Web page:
The Culture of Diet: Unveiling Its Impact on Food, Health, and Society


The culture of diet encompasses beliefs, behaviors, and attitudes surrounding food, body image, and physical activity with the primary goal of weight loss. Thinness is idealized within this culture, with individuals resorting to any means necessary to achieve it. Some authors define it as a belief system that venerates thinness, equating it with both health and moral virtue.

Recently, Agatha Ruiz de la Prada made a seemingly jesting remark that inadvertently shed light on the pervasive influence of diet culture. She joked about avoiding dinner outings with friends for fear of gaining weight, opting instead for a solitary meal of plain yogurt with sugar or nothing at all. She humorously suggested that if she did go out, it would be with gentlemen, implying that their company might involve activities to burn off the calories consumed during dinner.

These statements reflect the essence of diet culture, where food is stripped of its enjoyment, and individuals are willing to forgo social interactions out of fear of weight gain. For many women, achieving thinness has been associated with societal validation, attractiveness, and the promised happiness of success.

The Multifaceted Role of Food

Food serves not only as a source of nourishment but also plays a crucial role in regulating emotions. The act of eating triggers the release of neurotransmitters like dopamine, inducing feelings of pleasure and well-being. However, diet culture has stripped away this inherent pleasure, portraying emotional eating as a sign of weakness rather than a natural response to our emotional states.

Numerous nutritionists and influencers claim to have the secret to overcoming emotional eating, but the reality is far more complex. Emotional eating is a deeply ingrained aspect of human behavior, and attempting to eradicate it completely is both unrealistic and unhealthy.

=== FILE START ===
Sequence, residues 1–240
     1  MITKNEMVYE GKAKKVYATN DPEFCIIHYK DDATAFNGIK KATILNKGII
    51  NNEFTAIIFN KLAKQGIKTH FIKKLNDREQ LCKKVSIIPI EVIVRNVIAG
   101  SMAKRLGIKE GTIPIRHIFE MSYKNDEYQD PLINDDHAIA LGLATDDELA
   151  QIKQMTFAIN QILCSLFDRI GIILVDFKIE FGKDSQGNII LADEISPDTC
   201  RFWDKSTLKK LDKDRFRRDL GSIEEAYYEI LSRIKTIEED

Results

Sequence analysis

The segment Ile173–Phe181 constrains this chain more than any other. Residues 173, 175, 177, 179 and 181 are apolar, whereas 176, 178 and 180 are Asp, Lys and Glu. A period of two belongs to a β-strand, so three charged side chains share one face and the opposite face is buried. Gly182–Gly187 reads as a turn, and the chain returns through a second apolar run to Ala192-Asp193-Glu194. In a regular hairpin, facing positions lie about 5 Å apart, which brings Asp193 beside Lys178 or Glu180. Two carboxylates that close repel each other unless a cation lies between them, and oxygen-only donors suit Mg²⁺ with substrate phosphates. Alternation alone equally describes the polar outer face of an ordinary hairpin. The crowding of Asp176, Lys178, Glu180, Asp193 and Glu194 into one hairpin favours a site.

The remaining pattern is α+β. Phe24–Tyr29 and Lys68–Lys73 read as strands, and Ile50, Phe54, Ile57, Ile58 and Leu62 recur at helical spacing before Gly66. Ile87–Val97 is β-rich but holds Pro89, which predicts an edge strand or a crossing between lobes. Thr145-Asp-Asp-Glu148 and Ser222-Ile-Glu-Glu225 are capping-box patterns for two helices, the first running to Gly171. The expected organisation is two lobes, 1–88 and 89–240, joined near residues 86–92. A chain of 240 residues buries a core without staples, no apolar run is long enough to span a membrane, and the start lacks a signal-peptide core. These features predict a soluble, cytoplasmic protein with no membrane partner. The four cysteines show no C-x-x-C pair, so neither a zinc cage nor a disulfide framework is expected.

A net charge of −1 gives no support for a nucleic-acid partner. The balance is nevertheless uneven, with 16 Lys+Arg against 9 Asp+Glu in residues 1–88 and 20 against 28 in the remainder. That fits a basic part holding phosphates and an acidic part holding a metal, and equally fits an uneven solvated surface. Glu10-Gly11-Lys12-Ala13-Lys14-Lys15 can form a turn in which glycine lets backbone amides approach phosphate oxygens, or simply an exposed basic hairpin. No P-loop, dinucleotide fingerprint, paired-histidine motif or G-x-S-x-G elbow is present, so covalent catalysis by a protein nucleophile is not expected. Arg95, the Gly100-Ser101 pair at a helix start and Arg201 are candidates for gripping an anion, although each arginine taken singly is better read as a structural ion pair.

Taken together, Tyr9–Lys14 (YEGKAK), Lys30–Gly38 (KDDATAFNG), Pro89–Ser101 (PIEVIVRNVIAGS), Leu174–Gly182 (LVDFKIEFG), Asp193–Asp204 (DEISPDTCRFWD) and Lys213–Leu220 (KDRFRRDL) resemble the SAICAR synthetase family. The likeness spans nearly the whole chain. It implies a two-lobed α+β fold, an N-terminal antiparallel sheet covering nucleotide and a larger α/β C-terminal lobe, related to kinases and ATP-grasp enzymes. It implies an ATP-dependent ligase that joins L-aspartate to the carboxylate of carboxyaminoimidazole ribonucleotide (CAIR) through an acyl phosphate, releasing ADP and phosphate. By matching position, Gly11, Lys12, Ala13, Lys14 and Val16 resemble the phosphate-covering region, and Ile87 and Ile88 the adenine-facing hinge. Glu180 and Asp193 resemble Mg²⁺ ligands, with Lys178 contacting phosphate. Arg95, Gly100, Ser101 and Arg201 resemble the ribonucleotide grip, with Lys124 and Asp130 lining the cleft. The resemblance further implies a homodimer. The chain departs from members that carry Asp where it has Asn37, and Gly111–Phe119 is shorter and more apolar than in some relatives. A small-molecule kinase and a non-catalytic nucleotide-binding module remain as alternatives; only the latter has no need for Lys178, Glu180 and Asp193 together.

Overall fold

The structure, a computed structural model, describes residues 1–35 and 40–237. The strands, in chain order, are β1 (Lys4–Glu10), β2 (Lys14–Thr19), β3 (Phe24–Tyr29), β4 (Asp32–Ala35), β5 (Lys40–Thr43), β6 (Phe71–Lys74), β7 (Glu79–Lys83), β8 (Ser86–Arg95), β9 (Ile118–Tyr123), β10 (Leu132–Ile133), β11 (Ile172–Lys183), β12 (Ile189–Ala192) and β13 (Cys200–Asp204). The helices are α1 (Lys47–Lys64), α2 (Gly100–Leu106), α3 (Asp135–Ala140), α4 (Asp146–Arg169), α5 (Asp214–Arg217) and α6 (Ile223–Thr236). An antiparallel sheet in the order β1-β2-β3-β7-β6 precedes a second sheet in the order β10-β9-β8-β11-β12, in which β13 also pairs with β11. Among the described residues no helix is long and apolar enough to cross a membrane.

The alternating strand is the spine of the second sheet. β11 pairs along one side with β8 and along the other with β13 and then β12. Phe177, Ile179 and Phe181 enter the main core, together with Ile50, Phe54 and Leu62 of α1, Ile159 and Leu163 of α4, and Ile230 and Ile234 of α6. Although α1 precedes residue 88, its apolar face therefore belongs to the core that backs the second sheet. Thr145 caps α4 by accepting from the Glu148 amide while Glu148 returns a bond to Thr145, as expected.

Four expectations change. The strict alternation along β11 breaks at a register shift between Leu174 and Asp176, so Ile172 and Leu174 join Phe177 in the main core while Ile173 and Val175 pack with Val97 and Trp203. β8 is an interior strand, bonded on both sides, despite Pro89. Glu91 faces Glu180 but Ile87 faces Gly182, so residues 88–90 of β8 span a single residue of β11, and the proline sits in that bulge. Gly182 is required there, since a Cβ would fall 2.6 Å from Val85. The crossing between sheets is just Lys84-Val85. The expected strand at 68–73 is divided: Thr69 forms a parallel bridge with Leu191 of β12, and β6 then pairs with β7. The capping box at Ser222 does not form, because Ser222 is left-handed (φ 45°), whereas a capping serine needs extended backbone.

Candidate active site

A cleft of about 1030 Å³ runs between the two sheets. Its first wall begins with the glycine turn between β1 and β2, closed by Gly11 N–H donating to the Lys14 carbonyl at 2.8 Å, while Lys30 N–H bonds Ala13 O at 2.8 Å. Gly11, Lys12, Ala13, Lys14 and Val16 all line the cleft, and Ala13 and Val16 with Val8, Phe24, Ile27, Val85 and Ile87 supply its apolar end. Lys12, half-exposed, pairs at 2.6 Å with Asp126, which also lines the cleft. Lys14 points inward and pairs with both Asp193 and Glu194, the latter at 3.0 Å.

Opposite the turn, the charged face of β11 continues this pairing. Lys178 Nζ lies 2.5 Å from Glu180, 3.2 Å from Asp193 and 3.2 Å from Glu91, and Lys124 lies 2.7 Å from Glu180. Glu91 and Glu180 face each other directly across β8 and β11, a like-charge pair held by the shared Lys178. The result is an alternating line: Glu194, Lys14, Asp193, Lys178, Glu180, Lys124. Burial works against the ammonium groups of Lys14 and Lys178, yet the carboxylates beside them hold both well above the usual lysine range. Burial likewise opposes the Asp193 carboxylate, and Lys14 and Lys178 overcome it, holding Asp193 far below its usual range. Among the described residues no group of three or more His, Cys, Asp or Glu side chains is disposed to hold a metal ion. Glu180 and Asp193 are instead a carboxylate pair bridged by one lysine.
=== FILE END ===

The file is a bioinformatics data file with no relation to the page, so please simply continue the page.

Denying the Pleasure of Food

By denying the pleasure associated with food, diet culture perpetuates a false dichotomy between “good” and “bad” eaters, equating enjoyment with indulgence and health with deprivation. This mindset only serves to deepen the divide between those who adhere to strict dietary regimens and those who find joy in culinary experiences.

Moreover, diet culture extends its reach beyond mere dietary restrictions, infiltrating societal perceptions of health and well-being. The term “self-care” has become synonymous with weight loss, further reinforcing the notion that thinness equates to self-worth.

Characteristics of Diet Culture

  1. Promotion of Restrictive Diets: Detoxes, pineapple diets, and fasting regimens are often glorified within diet culture, accompanied by dramatic before-and-after photos that prioritize thinness above all else. These images fail to account for the individual’s circumstances, glossing over potential health issues or mental health struggles in favor of celebrating weight loss.
  2. Stigmatization of Overweight and Obesity: Those who do not conform to society’s narrow standards of beauty and health become targets of ridicule and mockery. This stigma is often justified under the guise of concern for the individual’s well-being, perpetuating harmful stereotypes and damaging self-esteem.
  3. False Promises of Effort and Sacrifice: The narrative that thinness can be achieved through sheer willpower and sacrifice disregards the diverse range of body types and the potential consequences for mental and physical health. Individuals may develop eating disorders, metabolic imbalances, and a distorted self-image in pursuit of an unattainable ideal.

The Fear of Weight Gain

The fear of gaining weight is more than a concern for physical appearance; it reflects a deeper societal bias against aging and the natural changes that accompany it. Diet culture perpetuates a patriarchal view of women’s bodies, dictating that only youthful, slender figures hold value. This constant battle against our own bodies serves to reinforce gender norms and maintain a sense of submissiveness among women.


In conclusion, the culture of diet permeates every aspect of our lives, shaping our beliefs, behaviors, and societal norms. By prioritizing thinness above all else, we sacrifice the joy and pleasure inherent in food, perpetuating harmful stereotypes and damaging both our physical and mental well-being.

Breaking free from the grip of diet culture requires a fundamental shift in our societal values, one that celebrates diversity, promotes body acceptance, and prioritizes holistic health over arbitrary standards of beauty. Only then can we truly liberate ourselves from the oppressive constraints of diet culture and embrace a healthier, more fulfilling relationship with food and our bodies.